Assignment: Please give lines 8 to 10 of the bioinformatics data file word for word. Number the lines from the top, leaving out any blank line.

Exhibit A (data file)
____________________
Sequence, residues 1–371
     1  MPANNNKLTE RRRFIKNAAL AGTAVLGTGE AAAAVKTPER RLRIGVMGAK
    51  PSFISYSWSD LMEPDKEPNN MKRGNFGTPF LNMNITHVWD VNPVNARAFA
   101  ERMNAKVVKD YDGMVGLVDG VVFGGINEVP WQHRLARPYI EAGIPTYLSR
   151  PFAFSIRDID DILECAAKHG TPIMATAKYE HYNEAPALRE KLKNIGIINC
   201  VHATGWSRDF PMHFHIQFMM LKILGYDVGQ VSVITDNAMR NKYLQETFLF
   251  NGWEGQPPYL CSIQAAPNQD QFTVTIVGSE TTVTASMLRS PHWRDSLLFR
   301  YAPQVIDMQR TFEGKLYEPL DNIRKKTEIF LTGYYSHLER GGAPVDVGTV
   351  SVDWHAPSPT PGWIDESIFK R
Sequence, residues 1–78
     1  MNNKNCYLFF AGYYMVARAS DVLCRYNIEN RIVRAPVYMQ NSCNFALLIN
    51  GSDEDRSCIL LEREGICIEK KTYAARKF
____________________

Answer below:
   301  YAPQVIDMQR TFEGKLYEPL DNIRKKTEIF LTGYYSHLER GGAPVDVGTV
   351  SVDWHAPSPT PGWIDESIFK R
Sequence, residues 1–78